Smart Benefits: Can Better Doc Choices Lower Costs?
Monday, November 07, 2011
Remember the HMOs of the 1980s and 90s? These plans featured restricted networks of doctors and required consumers to select a primary care physician. With healthcare reform placing new emphasis on higher quality of care and better clinical outcomes, health insurers are reviving the emphasis on the patient-doctor relationship with a variety of new products.
UnitedHealthcare recently announced an HMO-like product called Navigate. With this plan, consumers need to select a primary care physician from a narrower network of doctors. However, instead of consumers having access to a small, local network, they can choose from a larger, national network as long as the participating physicians make the grade. To participate, physicians must meet high quality measures, promote efficient care and hold down costs.
Other insurers are emphasizing tiered-networks as a cost-control measure. Under these arrangements, consumers pay varying copays and deductibles according to which tier a provider belongs. The tiers are based on quality benchmarks and cost, helping consumers understand these factors as they make healthcare decisions.
Tufts Health Plan's Your Choice
Tufts Health Plan in Massachusetts now offers Your Choice HMO, a tiered-network plan that encourages preventive care and groups primary care physicians (as well as some hospitals and specialists) into three tiers, with the lowest tier providers being the least costly to consumers and the top tier the most expensive.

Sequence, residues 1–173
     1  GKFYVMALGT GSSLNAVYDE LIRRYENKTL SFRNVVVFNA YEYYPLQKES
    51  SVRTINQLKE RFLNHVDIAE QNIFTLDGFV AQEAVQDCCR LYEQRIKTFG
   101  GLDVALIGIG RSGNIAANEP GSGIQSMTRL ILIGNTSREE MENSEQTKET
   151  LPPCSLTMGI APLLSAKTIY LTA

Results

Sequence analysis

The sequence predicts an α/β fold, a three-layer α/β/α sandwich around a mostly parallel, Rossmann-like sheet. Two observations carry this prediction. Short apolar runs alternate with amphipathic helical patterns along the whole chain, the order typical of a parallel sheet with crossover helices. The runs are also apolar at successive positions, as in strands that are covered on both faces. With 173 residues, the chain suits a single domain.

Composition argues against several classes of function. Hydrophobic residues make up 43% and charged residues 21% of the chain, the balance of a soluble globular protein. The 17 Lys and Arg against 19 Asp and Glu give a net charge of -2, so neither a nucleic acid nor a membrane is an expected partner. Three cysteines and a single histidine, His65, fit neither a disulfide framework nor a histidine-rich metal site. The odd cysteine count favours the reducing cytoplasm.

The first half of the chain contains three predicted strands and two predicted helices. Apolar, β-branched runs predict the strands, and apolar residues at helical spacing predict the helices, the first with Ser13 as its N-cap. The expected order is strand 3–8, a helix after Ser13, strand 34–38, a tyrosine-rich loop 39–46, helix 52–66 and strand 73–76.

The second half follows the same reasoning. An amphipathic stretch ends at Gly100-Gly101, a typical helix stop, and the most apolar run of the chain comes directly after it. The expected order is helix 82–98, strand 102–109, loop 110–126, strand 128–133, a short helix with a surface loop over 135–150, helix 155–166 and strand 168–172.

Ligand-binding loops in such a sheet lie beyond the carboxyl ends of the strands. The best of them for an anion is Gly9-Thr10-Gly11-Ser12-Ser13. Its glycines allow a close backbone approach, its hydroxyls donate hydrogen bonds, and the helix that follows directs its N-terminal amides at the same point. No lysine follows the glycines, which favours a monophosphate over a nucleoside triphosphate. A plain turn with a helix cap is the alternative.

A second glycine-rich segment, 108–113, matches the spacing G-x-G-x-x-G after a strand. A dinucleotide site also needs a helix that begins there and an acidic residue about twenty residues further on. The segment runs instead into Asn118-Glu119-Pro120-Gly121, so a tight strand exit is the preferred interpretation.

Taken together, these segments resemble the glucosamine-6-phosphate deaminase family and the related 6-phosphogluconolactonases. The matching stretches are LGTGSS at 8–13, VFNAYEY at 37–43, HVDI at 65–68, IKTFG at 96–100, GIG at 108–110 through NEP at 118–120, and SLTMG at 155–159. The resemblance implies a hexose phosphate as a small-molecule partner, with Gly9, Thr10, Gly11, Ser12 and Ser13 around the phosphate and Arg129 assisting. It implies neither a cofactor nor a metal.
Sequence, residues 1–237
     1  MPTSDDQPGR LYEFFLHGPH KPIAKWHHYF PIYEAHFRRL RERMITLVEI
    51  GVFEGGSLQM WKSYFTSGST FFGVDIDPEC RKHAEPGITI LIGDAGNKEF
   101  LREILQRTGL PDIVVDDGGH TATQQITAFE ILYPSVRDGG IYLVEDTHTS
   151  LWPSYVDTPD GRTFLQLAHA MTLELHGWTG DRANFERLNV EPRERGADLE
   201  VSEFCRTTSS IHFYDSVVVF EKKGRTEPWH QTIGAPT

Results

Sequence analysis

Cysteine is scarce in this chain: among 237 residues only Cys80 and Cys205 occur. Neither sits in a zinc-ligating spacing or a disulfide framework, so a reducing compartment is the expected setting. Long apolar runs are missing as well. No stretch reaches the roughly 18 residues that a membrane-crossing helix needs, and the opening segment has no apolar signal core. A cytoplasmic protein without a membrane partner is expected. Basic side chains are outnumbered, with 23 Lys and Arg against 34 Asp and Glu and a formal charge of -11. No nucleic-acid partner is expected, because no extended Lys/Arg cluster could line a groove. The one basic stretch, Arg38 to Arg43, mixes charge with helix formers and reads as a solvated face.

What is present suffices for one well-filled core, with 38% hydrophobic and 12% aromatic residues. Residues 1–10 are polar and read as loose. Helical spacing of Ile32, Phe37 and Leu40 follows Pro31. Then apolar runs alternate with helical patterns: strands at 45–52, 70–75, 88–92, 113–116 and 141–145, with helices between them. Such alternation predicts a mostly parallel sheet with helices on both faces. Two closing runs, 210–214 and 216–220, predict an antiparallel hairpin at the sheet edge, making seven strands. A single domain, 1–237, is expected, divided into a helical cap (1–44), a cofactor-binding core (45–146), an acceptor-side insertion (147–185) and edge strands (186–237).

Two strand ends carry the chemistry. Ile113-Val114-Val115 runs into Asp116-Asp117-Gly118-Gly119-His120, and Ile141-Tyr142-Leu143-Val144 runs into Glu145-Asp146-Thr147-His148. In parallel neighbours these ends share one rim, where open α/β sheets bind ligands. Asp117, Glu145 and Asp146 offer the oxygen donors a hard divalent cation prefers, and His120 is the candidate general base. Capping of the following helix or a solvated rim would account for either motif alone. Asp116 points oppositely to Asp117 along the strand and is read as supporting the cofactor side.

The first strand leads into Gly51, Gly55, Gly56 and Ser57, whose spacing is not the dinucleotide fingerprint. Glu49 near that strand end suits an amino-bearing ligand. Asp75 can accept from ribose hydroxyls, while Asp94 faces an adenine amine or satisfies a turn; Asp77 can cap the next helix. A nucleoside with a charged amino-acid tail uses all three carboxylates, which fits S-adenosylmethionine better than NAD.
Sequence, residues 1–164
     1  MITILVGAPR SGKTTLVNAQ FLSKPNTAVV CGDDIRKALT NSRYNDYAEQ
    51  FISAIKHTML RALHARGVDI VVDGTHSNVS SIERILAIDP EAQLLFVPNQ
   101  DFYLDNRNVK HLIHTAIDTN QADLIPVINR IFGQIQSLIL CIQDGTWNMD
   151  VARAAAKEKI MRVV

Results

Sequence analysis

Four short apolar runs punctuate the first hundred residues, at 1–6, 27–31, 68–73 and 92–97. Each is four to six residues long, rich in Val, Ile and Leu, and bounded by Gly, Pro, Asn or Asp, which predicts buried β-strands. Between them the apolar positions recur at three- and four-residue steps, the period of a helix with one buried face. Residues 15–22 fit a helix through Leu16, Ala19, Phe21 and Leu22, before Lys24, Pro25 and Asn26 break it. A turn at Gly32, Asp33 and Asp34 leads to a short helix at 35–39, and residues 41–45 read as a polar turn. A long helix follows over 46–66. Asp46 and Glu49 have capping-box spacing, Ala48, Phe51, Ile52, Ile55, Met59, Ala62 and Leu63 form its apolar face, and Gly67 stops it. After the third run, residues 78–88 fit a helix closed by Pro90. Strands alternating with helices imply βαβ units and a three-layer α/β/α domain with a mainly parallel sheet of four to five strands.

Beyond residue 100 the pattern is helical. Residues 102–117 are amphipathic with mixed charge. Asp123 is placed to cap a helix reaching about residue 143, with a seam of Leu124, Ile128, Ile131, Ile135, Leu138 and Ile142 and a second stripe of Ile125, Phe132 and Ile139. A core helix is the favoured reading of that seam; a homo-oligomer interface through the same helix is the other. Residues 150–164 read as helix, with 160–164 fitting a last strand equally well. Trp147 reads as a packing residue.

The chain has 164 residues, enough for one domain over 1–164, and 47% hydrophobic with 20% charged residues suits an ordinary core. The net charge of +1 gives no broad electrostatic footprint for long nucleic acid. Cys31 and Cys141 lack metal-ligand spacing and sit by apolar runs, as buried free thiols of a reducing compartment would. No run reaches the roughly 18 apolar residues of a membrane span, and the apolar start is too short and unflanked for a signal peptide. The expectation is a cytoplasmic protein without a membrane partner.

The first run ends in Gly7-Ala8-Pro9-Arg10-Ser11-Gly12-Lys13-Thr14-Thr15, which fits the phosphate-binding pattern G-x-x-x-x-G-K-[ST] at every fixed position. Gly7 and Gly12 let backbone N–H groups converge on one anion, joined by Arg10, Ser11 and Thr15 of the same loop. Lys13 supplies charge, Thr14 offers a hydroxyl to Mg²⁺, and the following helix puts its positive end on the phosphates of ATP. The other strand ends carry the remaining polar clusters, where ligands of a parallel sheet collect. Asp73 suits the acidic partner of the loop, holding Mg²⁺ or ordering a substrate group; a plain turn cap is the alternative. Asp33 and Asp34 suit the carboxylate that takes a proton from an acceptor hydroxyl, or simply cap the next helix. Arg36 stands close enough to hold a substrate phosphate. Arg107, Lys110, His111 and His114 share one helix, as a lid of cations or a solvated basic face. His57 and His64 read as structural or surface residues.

The bottom line? Consumers are starting to be rewarded with lower costs when they choose the “right” providers. And it’s not just savings that consumers benefit from with these new products. By providing more transparency into quality and cost, consumers will have better information when choosing doctors, hospitals and related-services. If the plans are successful, maybe this blast from the past will be the wave of the future.
Amy Gallagher has over 19 years of healthcare industry experience. As Vice President at Cornerstone Group, she advises large employers on long-term cost-containment strategies, consumer-driven solutions and results-driven wellness programs. Amy speaks regularly on a variety of healthcare-related topics, is a member of local organizations like the Rhode Island Business Group on Health, HRM-RI, SHRM, WELCOA, and the Rhode Island Business Healthcare Advisory Council, and participates in the Lieutenant Governor’s Health Benefits Exchange work group of the Health Care Reform Commission.
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